Helllooooo my friends! How’ve you been? I feel like a terrible person for going MIA yet again for a month. I was in wifi/reception-less Alaska for 9-10 days, then working on a host transfer, which got messed up multiple times. Oof. I couldn’t even access my page for well over a week. Talk about stressful!
But I’m back and wanted to address a few things. First, you may notice things here look a tiny bit different. That’s on purpose. And know that this design/feel is temporary. I’m working with a new company to transfer to a bigger, badder hosting site and make the website much more user-friendly because…
I want to expand this space. More than recipes/random life updates/recaps/musings. I want it to be a reliable, approaching resource for all things health, nutrition, climate change, sustainability, and vegan lifestyle. With tidbits of my own life tossed in, of course.
The truth is I started this blog a long time ago. I’ve learned and grown so much since then both in my knowledge of nutrition/sustainability/cooking, AND in my knowledge of online content creation.
And I haven’t been proud of some of the stuff on the site. I want to be proud of every.single.thing. I post. That means better recipes, more responsible science-based posts, and more of my life/emotions. I want to leave it all out on the table for you guys. I love connecting with others via the internet, so let’s be friends :-)/
Videos will also be launching soon, so stay tuned for that.
As always, if you have any questions, ideas, or requests, please leave a comment below or HMU on Insta. I LOVE hearing from you.
Stay #blessed fam~
It’s funny. When people find out you’re vegan or vegetarian, suddenly everyone and their mother becomes your nutritionist, wondering if you get enough protein, if you take supplements and get enough Vitamin B-12, and if you’re malnourished and falling over yet, etc.
No one bats at eye or comments at people who sustain themselves off pizza, burgers, fries, and chips, but so many feel entitled to scrutinize the nutrient-content of plant-based diets.
But I digress. This post is about the main nutrient of concern for vegetarians and vegans. No, it’s not protein (which in fact, most people over-consume). It’s Vitamin B-12. If you’re vegetarian, vegan, pescatarian, have chronic bowel issues, and/or are over the age of 50, you should assess and consider if you are getting enough vitamin B-12.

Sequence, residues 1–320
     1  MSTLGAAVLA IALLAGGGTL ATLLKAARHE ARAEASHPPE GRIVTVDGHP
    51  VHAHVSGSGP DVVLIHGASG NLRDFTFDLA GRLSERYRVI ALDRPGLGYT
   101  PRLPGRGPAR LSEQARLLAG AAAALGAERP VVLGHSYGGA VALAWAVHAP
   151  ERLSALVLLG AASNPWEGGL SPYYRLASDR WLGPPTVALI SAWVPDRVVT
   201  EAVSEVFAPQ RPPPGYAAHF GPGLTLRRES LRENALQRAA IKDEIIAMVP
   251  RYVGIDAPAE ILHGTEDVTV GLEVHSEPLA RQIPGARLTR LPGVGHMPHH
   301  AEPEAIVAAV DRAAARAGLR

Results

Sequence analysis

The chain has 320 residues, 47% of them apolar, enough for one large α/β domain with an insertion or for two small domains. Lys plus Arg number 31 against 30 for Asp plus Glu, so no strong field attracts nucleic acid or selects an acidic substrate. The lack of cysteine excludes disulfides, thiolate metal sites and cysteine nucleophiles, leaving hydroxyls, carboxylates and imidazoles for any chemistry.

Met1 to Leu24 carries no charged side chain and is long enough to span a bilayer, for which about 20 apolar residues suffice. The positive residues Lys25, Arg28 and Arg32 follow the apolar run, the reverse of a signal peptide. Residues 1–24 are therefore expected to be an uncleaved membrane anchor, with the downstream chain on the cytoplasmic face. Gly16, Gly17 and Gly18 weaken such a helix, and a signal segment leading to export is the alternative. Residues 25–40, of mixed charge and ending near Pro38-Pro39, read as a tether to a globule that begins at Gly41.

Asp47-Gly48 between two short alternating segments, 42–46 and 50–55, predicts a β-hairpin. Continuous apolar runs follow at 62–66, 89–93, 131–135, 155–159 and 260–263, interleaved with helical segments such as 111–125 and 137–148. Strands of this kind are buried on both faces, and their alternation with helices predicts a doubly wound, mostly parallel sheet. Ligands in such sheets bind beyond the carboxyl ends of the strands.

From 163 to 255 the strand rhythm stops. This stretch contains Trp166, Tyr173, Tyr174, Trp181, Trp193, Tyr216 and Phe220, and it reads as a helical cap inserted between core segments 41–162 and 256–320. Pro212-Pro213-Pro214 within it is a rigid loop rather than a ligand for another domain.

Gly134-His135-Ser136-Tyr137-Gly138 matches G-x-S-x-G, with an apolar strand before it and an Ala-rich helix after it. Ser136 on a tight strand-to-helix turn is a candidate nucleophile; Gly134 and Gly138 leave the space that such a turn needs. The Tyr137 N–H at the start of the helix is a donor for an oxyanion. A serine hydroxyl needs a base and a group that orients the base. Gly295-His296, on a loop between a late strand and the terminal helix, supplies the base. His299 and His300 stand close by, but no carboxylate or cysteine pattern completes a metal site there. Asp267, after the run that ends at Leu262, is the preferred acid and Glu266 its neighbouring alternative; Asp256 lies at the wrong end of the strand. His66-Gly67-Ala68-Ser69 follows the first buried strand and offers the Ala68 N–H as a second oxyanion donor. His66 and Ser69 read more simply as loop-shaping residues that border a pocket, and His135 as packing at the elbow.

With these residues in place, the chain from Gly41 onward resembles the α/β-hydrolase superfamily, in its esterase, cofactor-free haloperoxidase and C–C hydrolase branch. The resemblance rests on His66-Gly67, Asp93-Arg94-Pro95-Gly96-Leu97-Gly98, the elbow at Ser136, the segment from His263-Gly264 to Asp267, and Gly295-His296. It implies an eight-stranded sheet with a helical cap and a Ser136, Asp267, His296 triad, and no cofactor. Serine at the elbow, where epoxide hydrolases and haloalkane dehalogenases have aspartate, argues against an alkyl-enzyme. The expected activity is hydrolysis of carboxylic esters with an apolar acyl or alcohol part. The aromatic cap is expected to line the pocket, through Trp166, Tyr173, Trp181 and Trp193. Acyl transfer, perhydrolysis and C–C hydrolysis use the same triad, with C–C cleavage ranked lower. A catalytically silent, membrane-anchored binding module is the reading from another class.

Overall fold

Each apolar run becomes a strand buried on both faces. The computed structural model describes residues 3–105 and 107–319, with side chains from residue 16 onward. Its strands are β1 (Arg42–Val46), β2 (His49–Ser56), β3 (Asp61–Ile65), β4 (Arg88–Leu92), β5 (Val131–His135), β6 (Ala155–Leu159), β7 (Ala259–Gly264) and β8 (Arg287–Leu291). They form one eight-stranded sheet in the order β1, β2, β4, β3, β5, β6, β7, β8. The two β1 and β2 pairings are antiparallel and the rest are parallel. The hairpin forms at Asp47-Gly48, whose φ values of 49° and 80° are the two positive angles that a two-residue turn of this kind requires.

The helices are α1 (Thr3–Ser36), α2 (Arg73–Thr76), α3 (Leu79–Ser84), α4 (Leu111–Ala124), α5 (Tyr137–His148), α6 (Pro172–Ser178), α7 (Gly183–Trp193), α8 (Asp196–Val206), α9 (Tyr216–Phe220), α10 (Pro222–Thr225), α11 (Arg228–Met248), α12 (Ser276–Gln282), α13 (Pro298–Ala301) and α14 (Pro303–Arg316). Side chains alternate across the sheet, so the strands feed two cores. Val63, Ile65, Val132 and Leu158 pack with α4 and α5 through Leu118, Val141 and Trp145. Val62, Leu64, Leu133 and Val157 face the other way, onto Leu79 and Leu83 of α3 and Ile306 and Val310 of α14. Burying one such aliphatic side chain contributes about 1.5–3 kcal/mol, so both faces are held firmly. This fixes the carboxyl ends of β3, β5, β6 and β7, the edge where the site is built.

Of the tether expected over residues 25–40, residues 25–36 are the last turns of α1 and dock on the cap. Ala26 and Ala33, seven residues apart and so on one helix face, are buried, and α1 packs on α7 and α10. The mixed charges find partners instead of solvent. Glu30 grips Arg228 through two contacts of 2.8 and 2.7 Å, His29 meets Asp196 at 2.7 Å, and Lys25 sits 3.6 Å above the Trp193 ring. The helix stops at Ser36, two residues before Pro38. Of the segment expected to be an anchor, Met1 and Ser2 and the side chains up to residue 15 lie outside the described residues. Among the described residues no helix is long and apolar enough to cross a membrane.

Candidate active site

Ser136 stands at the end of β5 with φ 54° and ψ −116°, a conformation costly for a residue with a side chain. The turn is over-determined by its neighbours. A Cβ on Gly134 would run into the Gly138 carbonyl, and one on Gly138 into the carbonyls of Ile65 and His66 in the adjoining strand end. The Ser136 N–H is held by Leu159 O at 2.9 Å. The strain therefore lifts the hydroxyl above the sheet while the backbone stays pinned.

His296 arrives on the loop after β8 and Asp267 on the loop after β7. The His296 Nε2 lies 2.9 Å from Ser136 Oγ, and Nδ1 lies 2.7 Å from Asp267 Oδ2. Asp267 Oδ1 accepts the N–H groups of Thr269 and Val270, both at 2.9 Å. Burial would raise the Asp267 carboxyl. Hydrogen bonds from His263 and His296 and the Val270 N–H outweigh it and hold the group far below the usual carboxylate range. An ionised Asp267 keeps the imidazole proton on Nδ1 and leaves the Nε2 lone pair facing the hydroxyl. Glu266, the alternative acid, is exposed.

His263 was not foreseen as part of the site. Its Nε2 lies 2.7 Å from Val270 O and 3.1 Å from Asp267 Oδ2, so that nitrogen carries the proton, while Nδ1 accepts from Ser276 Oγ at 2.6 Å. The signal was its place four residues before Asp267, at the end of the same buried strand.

I don’t very often flex my MS in nutrition muscles on the blog. I always intend to, but I find my brain so exhausted of academic/science writing from school that much of the time the blog is filled with recipe and lifestyle posts because those are fun and relaxing to write.
But I really do want to make an effort to communicate more nutrition info here on kbaked.com. Let me know if you like this kind of content and/or what other topics you’d like to see covered! Without further adieu…here’s what you need to know about Vitamin B-12.
What is Vitamin B-12?
Vitamin B-12 (also known as cobalamin) is a water-soluble vitamin and was the last vitamin discovered. It’s found in various forms, including cyanocobalamin (often found in supplements and fortified food), as well as methylcoablamin (a methylated form) found in animal products.
Cyanocobalamin needs to me methylated for your body to make use of it. Both are well-absorbed, and it’s currently unknown if there’s a “better” or more bioavailable form to consume.
I love me a PB&J. Or an almond butter and J. Both are wonderful. And something I feel I appreciate more as an adult than as a child. Anyone else? Okay, maybe just me.
While I’m a nut butter fiend, I also appreciate a scrumptious jam or jelly. The issue, I find, with many at the store is that they’re so darn sweet.
I’m all about desserts, but when it comes to breakfast foods like yogurt, jams, and oatmeals, I’m very turned off but overly sweet things. Hence, I seek out sweetened-with-only-fruit jams (Crofter’s Organic is my favorite brand, and Trader Joe’s has some good options, as well) or I make my own homemade chia jam.
Chia seed jam is the easiest thing ever. All you do is add chopped up fruit, chia seeds, and a hint of lemon juice if you’re feeling fancy. If you want to up the sweetness factor, go ahead and add a tablespoon or two of sugar, honey, or syrup.